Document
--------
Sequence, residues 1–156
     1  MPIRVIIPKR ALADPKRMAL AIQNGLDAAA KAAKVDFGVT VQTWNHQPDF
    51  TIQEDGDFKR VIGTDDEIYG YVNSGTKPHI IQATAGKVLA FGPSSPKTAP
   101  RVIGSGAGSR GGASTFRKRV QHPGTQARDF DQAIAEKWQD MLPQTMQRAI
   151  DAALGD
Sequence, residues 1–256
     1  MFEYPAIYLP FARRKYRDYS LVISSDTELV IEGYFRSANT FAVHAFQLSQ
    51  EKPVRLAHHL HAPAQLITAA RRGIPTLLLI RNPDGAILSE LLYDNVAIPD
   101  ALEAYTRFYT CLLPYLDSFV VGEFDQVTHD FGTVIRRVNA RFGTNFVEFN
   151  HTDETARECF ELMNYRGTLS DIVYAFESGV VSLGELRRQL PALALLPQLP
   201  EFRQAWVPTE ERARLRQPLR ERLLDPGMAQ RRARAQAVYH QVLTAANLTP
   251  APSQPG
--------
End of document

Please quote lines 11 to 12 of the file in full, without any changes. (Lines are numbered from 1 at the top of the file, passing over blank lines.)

   201  EFRQAWVPTE ERARLRQPLR ERLLDPGMAQ RRARAQAVYH QVLTAANLTP
   251  APSQPG